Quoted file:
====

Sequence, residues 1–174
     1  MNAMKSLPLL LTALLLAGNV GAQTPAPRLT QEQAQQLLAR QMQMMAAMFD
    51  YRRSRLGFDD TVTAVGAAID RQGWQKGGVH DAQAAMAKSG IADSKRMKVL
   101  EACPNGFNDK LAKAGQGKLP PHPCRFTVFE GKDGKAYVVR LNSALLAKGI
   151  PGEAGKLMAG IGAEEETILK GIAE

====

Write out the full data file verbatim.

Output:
Sequence, residues 1–174
     1  MNAMKSLPLL LTALLLAGNV GAQTPAPRLT QEQAQQLLAR QMQMMAAMFD
    51  YRRSRLGFDD TVTAVGAAID RQGWQKGGVH DAQAAMAKSG IADSKRMKVL
   101  EACPNGFNDK LAKAGQGKLP PHPCRFTVFE GKDGKAYVVR LNSALLAKGI
   151  PGEAGKLMAG IGAEEETILK GIAE